Cart is empty

Go to SF Shop

A History of Air Max Day Sneakers and Celebrations

Nike Centre Pompidou Air Max Day 2017Nike Centre Pompidou Air Max Day 2017

It’s been five years since first in 2014. If that news doesn’t make you feel old, it’s probably because you’re not — which is perfect for the purposes of this article, because you might learn something.

Back in the day, before Apple Watches and platinum albums, Beaverton dreamt up a novel concept: a day dedicated to their most-famous line. Early celebrations were pint-sized by current standards. No sneakers were sent into space, no documentaries were filmed, no VaporMaxes were plastered over Centre Pompidou, and nothing was ‘voted forward’.

So, how did we get from 2014’s humble beginnings to today’s titanic celebrations? Good question. Let’s take it one Air Max Day at a time.

The Air Max 1 released in 2014 would have been a true, one-to-one recreation to its forefather if it weren’t for a searing ‘Volt’ sole and ‘3.26’ printed on the tongue. Reviews were mixed, but everyone could agree it outshined the OG in the packaging department. Instead of a box, Nike delivered some shoes in huge Air bubble packaging, as Jacques Slade documented in an early video.

Beyond the product, Nike held events in key cities like New York, Los Angeles, and Shanghai, with the latter hosting a huge commemorative sneaker box. As a small win to their marketing department, the new holiday gave Nike their then most-liked Instagram post.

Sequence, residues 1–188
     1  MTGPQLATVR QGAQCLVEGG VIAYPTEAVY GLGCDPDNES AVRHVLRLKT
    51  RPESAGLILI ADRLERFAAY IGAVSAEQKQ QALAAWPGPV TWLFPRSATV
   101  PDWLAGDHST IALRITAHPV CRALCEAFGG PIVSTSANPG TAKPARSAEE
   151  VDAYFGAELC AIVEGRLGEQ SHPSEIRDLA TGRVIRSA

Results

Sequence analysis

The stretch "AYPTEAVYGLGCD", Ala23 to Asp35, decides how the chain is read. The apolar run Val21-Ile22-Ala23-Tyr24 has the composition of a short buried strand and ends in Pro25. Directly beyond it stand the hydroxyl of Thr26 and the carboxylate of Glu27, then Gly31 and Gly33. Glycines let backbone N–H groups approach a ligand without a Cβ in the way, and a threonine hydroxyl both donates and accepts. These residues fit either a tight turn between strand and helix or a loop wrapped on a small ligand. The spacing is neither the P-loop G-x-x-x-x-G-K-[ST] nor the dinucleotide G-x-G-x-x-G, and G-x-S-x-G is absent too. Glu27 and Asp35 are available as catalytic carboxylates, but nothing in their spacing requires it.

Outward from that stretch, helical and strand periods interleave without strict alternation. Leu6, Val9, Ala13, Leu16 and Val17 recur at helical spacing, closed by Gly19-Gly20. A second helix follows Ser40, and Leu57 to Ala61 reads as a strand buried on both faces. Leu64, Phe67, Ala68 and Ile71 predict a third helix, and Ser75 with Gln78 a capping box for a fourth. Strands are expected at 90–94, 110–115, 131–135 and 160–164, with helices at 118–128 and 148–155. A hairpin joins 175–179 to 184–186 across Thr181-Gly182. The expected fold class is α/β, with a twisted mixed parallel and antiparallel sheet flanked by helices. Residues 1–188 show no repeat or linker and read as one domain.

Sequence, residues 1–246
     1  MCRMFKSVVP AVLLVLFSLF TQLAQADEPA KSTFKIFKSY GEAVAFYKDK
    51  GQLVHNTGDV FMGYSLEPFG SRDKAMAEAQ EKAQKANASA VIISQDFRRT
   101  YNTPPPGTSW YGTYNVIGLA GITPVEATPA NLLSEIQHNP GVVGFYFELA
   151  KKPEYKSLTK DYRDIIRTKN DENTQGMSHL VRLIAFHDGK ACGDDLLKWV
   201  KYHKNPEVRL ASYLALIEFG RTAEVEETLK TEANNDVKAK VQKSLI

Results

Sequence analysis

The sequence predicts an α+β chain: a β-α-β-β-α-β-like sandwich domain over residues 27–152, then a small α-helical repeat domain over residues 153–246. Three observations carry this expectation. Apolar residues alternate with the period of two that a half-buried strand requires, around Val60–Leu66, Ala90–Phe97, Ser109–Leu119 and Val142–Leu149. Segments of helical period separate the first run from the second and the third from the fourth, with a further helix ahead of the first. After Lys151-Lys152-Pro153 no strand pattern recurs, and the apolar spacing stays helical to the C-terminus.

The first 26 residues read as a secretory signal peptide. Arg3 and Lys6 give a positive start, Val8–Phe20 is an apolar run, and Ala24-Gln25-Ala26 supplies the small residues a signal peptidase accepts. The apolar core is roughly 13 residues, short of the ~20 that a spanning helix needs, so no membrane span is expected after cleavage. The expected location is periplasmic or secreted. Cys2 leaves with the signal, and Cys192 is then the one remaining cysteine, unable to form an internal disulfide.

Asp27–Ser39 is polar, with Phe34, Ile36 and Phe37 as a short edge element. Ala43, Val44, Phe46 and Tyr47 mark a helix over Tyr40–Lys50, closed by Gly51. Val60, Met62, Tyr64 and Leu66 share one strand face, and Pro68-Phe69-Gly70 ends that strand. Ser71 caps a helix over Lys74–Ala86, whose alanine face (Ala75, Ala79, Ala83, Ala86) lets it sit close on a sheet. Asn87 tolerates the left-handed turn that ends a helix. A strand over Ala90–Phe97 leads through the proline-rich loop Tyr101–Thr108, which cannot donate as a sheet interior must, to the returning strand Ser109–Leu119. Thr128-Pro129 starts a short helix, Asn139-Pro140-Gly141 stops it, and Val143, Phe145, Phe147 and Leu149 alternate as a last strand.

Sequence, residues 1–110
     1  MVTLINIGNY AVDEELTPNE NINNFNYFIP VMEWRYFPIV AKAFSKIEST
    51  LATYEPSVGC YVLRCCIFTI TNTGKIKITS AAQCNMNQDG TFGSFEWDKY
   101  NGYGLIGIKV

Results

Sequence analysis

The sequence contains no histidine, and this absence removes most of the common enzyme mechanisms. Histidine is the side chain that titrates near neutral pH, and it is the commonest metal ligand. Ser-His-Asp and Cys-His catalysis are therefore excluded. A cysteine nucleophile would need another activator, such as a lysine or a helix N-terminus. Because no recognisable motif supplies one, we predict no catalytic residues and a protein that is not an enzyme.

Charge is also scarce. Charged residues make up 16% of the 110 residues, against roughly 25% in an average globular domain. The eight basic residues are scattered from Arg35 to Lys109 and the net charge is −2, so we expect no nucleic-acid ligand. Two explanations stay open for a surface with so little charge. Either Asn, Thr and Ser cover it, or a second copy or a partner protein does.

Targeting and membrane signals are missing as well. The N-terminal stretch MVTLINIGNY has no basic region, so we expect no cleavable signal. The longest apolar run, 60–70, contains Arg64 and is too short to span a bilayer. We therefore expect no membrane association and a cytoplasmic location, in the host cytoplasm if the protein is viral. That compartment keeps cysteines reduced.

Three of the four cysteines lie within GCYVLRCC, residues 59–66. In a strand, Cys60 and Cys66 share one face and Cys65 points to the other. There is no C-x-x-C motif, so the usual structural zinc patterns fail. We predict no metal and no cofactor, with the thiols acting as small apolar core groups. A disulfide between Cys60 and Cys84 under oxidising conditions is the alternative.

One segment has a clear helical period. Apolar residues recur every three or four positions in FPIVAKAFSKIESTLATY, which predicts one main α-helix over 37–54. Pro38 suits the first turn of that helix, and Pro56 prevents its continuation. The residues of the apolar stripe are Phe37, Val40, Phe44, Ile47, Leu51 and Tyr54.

As three releases was now a puny effort, they lifted 2017’s collection count to seven. Old favourites returned, and classic colourways were merged, but the drawcard was the Air VaporMax. Arguably the first Air tech progress in years, the sneaker brought full-length Air into the equation, changing everything for the line. Cleverly, Nike buoyed hype with a CDG colab that released and sold out months before.

While some die-hards sent the VaporMax into space, Nike’s own stunts included projecting the model on the Centre Pompidou (the building that inspired visible Air), snatching up every billboard in Times Square, and a block party with Travis Scott. This was also the year Nike’s ‘Vote Forward’ competition was won by a guy called Sean Wotherspoon.

With the success of the Wotherspoons, Nike’s 2018 focus was on collaborative tinkering. ‘Nike: On Air’ brought people from around the world to a design workshop, with one of them getting the chance to see their design in stores. alumni spread crazy patterns over VaporMaxes and enlisted John Mayer for a teaser video. HQ Trivia (remember them?) released 100 AM270s, and Nike even enlisted young athletes to create an ‘Imaginairs’ collection of Air Max Zeros.

For every grand soiree ran by Beaverton, there was an equally enthusiastic event ran by local communities. Everywhere from Melbourne to Madrid, people came together to get down and geek out on design, underscoring a phenomenon that’s grown so big Nike couldn’t stop it. Even if they wanted to.

Latest Videos

Subscribe to our Newsletter